Historical survey

Set up shortly after the independence of Belgium, the Court of Audit is one of the oldest public institutions of the country.

On 30 December 1830, the National Congress voted the Decree establishing the Court of Audit, the first members of which were appointed on 5 and 6 January 1831. The College came officially sworn in on 15 January 1831. The existence of the new institution was finally confirmed by article 116 of the Constitution adopted on 7 February 1831 (which has become article 180 of the actual Constitution). The 1830 Decree was replaced on 29 October 1846 by the law organising the Court of Audit, which has been amended several times ever since.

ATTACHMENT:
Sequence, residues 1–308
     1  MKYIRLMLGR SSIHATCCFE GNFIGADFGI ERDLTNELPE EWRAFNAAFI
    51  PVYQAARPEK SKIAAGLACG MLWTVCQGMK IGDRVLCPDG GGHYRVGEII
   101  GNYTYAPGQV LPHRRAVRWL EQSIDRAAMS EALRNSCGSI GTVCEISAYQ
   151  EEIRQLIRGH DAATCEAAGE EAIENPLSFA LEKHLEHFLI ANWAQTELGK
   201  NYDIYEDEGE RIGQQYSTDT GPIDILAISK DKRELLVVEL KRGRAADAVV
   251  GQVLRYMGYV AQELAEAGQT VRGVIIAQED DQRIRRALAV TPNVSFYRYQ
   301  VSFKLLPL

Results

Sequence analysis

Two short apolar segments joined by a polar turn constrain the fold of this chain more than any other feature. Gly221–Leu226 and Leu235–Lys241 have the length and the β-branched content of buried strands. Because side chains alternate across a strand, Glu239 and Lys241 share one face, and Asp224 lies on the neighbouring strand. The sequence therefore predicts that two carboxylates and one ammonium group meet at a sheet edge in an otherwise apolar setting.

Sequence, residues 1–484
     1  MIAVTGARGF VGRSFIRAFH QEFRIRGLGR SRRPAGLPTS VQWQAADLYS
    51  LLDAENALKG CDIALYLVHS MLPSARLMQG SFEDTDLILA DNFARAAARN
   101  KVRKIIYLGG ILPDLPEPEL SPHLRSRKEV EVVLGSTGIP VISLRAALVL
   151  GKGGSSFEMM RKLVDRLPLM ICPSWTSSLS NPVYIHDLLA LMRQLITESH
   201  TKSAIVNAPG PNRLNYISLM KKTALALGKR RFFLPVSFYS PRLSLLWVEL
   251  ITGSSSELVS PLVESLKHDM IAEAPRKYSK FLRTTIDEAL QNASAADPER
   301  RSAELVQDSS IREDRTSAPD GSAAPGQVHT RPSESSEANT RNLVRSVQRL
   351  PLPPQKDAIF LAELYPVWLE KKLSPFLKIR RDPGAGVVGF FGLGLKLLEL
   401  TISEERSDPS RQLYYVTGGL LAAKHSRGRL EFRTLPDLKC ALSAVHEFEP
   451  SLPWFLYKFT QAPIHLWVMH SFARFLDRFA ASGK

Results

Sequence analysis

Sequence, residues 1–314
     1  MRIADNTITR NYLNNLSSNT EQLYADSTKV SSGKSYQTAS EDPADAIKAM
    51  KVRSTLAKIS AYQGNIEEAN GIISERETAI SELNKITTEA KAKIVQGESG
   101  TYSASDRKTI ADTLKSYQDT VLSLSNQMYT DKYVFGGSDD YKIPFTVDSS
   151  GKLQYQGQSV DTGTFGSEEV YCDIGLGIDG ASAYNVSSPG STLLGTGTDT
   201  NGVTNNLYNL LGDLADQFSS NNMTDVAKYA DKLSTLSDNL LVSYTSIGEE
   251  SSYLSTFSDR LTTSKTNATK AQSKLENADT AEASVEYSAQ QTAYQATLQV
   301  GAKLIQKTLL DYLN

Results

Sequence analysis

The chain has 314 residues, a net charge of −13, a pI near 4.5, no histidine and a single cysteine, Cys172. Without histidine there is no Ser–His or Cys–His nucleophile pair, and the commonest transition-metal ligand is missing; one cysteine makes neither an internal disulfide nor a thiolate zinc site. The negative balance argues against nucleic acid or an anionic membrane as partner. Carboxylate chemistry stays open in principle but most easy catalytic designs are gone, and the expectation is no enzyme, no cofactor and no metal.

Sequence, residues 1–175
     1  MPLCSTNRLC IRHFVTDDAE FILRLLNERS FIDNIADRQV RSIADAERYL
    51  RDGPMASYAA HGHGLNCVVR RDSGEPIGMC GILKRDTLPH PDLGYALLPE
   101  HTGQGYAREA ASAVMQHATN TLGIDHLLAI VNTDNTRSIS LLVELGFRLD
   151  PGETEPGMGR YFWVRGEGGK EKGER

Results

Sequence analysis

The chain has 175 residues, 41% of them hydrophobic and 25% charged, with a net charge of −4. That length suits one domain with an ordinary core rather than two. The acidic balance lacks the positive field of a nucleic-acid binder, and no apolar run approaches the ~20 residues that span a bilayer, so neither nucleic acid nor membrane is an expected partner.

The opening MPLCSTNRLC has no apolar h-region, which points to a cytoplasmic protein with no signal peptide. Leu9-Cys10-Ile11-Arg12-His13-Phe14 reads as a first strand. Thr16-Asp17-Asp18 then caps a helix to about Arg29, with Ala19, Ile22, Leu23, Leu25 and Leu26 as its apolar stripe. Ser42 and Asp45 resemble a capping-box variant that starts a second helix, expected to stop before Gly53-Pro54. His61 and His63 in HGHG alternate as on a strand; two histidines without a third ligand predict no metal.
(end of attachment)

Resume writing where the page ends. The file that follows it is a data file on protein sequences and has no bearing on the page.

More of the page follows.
The Court of Audit dates back to the times of the Dukes of Burgundy. Although there was already a Chamber of Accounts in the County of Flanders before the 14th century, the first one with a regular organisation was set up in 1386 by the Duke of Burgundy and Count of Flanders, Philip the Bold. It was established in Lille and its powers extended progressively to the county of Namur, the County of Hainaut and the Tournaisis as a result of the successive territorial annexations by the Dukes of Burgundy. By letters of patent dated of the 20th February 1406, Antoine of Burgundy, son of the previous duke and heir of Brabant and Limbourg, set up the Chamber of Accounts of Brabant, on the model of that of Burgundy. Entrusted with the monitoring and the closing of the accounts of all paymasters of the duchy, it first had its seat in the ducal palace where it stayed until the end of the 18th century in a building near the palace situated on the place where the current offices of the Court of Audit were established in 1984.